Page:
Protecting children and families on the move requires a fundamentally different way of approaching the governance of migration.
A number of states have already begun implementing effective alternatives for children and families, proving that providing appropriate accommodation and care to child migrants is not antithetical to meeting security and other regulatory concerns. Given that states have now committed to finalising both global compacts by the end of 2018, now is an ideal time for them to begin to make the switch to alternatives to detention. It’s not rocket science, it’s common sense. There are a number of ways in which states can work to end the detention of children.
Amending legislation is a key step to achieving change. In Ireland, for example, the International Protection Act 2015 provides for immigration detention of foreigners, but it also prevents the detention of children, stating “[detention] shall not apply to a person who has not attained the age of 18 years”. In Panama, Article 93 of Panama’s Decree Law No. 3 of 2008 provides for the detention of foreigners who have violated immigration laws. However, the law prevents the detention of children, stating that “only those over eighteen years of age may stay [in a detention centre]”. These are just two of many laws, policies and practices around the world that work to protect the rights of children.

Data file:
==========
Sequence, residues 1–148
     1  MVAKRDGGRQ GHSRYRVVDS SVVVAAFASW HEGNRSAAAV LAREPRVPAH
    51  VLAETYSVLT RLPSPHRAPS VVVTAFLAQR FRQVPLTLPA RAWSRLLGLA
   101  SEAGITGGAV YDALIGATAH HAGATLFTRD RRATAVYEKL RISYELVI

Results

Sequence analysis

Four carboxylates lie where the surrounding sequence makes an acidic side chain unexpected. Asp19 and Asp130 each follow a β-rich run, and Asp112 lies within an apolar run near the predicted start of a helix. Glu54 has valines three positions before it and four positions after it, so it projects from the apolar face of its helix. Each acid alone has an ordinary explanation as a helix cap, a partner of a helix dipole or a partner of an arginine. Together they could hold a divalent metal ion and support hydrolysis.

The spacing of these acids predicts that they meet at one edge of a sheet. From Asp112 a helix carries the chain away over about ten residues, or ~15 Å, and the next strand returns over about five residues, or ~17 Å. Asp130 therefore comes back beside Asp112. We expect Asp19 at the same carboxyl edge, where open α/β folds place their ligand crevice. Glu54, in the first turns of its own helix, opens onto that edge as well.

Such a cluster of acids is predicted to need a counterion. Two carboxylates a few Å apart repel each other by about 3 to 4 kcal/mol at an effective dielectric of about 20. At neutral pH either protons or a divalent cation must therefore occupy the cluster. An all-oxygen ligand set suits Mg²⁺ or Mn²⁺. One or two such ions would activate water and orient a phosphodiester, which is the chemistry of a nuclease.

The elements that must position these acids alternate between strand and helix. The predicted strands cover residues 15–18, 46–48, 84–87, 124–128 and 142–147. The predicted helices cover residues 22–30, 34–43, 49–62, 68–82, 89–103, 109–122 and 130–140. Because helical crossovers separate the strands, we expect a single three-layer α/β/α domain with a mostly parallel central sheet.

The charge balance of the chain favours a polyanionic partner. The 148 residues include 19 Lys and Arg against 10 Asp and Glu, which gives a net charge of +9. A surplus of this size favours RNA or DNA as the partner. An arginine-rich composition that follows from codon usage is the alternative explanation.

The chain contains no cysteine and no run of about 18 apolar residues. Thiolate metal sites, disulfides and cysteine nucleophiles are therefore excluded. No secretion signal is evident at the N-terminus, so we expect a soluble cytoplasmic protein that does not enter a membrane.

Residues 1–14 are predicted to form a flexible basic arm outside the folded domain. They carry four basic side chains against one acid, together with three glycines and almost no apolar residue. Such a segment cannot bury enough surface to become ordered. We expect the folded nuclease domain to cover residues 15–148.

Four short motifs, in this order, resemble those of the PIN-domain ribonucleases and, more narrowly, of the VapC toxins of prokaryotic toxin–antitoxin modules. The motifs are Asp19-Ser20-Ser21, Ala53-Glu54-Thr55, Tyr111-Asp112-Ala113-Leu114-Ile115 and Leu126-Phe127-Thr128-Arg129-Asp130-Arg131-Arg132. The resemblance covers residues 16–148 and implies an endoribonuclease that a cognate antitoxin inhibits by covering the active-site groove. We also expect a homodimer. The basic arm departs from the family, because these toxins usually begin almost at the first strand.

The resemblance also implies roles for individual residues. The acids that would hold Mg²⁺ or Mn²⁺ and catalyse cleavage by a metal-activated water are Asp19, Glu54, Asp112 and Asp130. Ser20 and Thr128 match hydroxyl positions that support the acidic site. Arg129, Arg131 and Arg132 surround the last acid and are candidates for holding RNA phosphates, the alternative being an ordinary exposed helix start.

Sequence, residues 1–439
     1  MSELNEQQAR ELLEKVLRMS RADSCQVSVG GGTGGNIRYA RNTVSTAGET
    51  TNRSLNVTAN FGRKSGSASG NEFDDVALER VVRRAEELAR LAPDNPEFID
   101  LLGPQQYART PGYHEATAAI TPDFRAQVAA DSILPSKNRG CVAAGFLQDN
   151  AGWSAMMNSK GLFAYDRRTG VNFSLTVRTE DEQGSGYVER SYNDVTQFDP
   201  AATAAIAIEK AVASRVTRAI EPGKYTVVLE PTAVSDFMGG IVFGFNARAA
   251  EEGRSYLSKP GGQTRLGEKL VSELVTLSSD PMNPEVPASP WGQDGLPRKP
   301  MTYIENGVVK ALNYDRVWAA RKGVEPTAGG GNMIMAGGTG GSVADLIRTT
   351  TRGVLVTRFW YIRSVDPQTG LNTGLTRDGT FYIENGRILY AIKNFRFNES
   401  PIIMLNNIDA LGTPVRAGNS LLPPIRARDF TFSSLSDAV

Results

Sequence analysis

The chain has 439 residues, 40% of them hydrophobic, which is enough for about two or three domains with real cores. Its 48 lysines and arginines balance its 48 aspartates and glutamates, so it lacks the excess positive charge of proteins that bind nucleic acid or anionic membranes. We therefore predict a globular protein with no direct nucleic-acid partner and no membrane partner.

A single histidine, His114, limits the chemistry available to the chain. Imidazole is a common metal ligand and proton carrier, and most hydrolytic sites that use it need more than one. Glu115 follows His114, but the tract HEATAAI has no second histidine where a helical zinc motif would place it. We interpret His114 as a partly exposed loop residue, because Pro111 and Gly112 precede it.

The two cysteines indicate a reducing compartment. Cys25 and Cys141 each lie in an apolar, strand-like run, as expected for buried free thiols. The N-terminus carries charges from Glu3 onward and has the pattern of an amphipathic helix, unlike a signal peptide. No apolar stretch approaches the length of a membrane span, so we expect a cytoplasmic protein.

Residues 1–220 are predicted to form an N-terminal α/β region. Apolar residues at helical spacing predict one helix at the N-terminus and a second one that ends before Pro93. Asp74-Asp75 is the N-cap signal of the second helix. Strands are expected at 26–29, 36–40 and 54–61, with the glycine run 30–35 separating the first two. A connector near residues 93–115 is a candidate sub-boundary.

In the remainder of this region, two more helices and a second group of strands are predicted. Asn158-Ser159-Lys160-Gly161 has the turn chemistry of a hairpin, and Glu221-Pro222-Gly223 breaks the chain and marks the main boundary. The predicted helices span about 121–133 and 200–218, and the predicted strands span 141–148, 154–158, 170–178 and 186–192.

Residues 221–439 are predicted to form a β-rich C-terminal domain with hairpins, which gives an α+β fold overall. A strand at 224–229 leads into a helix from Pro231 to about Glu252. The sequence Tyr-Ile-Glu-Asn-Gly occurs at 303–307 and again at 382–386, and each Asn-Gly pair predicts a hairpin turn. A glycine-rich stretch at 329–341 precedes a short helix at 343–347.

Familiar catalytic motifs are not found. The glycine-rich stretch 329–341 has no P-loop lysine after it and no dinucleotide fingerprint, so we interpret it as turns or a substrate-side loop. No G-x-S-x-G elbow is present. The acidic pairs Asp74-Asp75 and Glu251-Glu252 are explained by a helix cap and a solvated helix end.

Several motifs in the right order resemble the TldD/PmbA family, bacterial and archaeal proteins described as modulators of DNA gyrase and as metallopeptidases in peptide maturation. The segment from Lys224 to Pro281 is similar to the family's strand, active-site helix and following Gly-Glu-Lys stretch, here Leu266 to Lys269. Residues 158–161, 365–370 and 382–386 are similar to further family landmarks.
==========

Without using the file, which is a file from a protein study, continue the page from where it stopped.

Pilot programmes can also be put in place, to assess if alternatives are of value. In Mexico, a pilot project for unaccompanied children saw their release from detention into an alternative care programme. Instead of being in harmful immigration detention, children were ensured freedom of movement, access to education and healthcare, and communication with family. Since the pilot, international experts such as UNICEF and UNHCR, as well as the new Federal Child Rights Protection Agency, have engaged in working group meetings in order to continue learning together and building upon this initiative.